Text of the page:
eng279y: asian north american literature in english


Topics for Fall Term Test
December 8, 2005, UC 244
Time: 2 hours

Aids permitted: You are permitted one page of notes, which must be turned in at the end of the test. No other aids are permitted. You may not use any of the texts from the class, or any other book, during the test.

I. Identifications (10 points each)
You will be given a selection of short passages from texts we have read this term. You will be asked to choose three of these passages. For each passage you select, identify the author and the title of the work. Briefly explain the context in which the passage appears, including, if necessary, identifying the characters who are speaking or described in the passage, and briefly explain the passage’s significance.

II. Essay (70 points)
Four of the following five questions will appear on the test. You will be asked to choose one and write a clear, focused, concise essay in response. The essay should have a clearly defined argument and should support that argument with detailed textual evidence. As a literary analysis, the essay should concern itself with the form, style, and language of the texts, and should draw its central concepts from those texts, rather than from external assumptions. You may wish to focus on a small number of examples from the texts, rather than trying to make generalizations about the text as a whole.

1. “The subject matter of minority literature,” Frank Chin and his co-editors write in their introduction to Aiiieeeee!, “is social history, not necessarily by design but by definition.” Discuss Joy Kogawa’s approach to Japanese Canadian history in Obasan, using Chin’s remarks on the role of history in literature as a point of reference. (You may draw on both the Introduction to Aiiieeeee! and “Confessions of a Chinatown Cowboy.”) How does Kogawa integrate social history into her novel? What do you think Chin and his colleagues would think of her strategies?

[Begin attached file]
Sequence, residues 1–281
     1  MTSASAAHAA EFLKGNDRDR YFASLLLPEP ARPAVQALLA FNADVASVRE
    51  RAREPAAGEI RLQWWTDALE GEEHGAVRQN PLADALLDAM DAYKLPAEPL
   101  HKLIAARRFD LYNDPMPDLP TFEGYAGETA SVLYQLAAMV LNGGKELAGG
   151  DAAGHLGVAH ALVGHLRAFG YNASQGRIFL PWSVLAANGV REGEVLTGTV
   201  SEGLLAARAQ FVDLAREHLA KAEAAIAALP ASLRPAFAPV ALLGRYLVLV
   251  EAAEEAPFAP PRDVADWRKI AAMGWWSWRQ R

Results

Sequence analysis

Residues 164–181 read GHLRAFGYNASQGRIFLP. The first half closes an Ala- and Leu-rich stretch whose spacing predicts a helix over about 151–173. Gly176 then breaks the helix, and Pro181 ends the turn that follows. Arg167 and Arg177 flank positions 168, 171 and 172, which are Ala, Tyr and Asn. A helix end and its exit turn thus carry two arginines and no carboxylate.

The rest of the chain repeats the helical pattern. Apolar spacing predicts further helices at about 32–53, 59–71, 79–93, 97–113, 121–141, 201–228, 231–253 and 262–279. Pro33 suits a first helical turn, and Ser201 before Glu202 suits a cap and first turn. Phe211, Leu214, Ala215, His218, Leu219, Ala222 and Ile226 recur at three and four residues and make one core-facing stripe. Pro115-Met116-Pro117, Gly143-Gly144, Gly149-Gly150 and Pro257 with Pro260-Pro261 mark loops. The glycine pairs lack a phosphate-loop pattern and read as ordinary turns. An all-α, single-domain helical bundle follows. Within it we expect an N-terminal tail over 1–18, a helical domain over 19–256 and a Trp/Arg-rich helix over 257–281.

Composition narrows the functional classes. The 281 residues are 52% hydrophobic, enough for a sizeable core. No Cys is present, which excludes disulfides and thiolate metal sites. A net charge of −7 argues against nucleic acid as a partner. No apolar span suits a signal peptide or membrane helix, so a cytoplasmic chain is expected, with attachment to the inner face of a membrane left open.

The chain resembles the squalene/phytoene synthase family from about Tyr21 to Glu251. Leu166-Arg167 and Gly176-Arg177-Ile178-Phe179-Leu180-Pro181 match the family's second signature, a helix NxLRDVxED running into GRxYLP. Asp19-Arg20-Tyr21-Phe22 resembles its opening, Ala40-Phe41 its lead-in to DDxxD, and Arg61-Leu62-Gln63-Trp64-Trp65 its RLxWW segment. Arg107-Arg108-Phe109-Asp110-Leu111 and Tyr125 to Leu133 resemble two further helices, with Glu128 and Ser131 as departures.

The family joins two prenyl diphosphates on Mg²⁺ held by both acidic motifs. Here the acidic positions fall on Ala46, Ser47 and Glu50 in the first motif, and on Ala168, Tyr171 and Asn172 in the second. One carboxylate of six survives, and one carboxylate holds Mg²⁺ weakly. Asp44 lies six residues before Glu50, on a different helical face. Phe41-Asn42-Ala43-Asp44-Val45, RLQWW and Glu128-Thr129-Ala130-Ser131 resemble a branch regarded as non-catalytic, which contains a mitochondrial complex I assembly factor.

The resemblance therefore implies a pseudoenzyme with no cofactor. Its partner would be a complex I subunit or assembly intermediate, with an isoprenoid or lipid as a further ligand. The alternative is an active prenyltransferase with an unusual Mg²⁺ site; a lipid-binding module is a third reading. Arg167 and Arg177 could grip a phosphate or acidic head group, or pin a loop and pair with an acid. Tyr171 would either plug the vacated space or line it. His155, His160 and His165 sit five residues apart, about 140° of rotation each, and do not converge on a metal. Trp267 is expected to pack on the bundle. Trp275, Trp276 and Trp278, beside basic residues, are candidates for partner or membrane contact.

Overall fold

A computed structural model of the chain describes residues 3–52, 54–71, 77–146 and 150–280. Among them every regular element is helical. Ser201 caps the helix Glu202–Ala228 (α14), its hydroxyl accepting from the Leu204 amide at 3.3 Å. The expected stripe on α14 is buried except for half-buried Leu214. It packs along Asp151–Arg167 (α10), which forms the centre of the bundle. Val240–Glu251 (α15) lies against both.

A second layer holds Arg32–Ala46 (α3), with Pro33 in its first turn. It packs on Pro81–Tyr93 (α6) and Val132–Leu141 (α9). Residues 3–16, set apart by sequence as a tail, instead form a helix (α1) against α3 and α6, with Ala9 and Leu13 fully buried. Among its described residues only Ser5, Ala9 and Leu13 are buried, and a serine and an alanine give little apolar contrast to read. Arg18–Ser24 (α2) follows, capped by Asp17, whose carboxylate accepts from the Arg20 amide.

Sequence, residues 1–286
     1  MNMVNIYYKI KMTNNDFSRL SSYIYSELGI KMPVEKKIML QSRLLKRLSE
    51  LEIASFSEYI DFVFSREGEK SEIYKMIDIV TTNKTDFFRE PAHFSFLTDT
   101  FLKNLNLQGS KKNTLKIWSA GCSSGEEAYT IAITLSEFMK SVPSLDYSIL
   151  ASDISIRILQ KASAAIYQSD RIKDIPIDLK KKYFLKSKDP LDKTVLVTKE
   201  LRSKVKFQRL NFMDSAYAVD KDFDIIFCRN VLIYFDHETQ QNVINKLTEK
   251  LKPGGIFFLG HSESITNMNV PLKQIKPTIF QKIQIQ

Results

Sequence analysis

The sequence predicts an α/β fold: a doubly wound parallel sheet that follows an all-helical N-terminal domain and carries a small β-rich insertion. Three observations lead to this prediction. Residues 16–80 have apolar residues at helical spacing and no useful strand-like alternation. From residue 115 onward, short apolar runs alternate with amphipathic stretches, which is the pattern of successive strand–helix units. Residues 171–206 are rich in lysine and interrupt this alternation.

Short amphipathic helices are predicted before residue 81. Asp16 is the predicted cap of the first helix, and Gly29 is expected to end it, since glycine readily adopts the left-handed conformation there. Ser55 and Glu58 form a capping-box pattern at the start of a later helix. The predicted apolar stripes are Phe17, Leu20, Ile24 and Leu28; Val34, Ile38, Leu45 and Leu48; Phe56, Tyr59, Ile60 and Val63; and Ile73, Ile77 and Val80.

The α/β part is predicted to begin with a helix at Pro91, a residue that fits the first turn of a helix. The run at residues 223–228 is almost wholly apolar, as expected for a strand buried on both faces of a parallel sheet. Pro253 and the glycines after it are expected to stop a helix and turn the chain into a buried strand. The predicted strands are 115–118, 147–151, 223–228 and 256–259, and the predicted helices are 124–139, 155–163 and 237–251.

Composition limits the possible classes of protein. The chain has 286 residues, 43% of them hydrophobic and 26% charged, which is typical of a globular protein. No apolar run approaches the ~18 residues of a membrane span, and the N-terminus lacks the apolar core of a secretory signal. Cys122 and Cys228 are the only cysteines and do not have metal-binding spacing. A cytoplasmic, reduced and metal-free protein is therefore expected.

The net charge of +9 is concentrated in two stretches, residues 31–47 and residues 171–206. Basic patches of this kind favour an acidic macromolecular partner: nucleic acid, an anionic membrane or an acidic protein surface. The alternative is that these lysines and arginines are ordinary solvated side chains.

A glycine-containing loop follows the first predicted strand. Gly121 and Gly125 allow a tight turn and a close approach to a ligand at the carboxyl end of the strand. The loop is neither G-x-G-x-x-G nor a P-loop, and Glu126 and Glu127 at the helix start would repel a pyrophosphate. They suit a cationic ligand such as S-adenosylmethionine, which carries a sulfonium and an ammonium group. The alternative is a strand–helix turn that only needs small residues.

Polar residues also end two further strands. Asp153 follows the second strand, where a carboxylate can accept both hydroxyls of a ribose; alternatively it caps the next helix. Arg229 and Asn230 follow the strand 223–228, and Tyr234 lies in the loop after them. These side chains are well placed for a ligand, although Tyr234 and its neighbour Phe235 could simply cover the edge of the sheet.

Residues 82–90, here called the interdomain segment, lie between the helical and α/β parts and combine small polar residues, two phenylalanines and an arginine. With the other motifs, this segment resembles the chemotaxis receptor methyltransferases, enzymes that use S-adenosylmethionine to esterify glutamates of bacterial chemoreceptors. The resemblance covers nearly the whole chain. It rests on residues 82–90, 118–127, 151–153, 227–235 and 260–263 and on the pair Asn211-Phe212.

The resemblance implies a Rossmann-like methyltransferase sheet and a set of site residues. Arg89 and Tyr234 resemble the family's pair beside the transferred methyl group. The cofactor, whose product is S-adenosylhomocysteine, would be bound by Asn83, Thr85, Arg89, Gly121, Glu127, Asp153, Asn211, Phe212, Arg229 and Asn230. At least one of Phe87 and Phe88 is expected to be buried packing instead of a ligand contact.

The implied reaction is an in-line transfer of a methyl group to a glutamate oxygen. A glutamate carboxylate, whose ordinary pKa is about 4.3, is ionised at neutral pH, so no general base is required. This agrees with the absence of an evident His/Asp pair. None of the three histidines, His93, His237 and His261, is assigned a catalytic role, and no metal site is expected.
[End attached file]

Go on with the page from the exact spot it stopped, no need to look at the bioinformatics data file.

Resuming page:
2. Compare the portrayal of fathers in Fred Wah’s Waiting for Saskatchewan and David Mura’s “Gardens We Have Left.” What language, imagery, and poetic forms do these writers use to describe their fathers? How do they connect their fathers to their sense of Asian North American culture, history, politics, or identity?

3. In Maxine Hong Kingston’s The Woman Warrior, the narrator asks her readers, “What is Chinese tradition and what is the movies?” That question becomes even more difficult to answer when applied to an actual movie—Ang Lee’s The Wedding Banquet, in which “Chinese tradition” seems to play a central role. Is it possible, in these texts, to know what is really “Chinese” and what is not? How do the characters in these texts make these kinds of cultural distinctions? Discuss at least one incident in which a reader’s or a character’s assumptions about “Chinese tradition” are challenged or overturned.

4. Compare the depiction of the experience of Japanese North American internment in Joy Kogawa’s Obasan and in one of the following authors: David Mura, Janice Mirikitani, or Lawson Fusao Inada. What aspects of internment does each author choose to portray? What kinds of language and imagery do the authors use? How do they integrate this traumatic historical event into a novel or a poem?

5. Place and travel play a central role in Fred Wah’s Waiting for Saskatchewan and Carlos Bulosan’s America Is In the Heart, from Wah’s trip to China and his depictions of the Canadian prairie to Carlos’s criss-crossing of the western United States. Why are these places, and travel between them, so important to these authors and their characters? How does each author portray places and travel between them? What role does travel play in the development of each author’s characters?